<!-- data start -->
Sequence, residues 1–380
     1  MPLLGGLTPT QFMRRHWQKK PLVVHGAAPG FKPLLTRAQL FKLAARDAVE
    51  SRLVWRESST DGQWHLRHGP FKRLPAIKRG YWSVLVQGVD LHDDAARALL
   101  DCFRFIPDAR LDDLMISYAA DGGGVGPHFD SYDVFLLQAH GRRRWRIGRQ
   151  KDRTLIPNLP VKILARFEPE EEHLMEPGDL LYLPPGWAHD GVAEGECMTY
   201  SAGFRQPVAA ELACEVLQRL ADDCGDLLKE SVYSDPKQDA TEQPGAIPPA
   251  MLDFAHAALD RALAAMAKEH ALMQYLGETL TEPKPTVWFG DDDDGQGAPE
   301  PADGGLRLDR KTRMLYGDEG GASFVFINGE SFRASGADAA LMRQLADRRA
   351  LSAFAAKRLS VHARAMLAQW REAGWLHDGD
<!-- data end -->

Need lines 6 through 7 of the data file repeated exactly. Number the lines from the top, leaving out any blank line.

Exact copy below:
   201  SAGFRQPVAA ELACEVLQRL ADDCGDLLKE SVYSDPKQDA TEQPGAIPPA
   251  MLDFAHAALD RALAAMAKEH ALMQYLGETL TEPKPTVWFG DDDDGQGAPE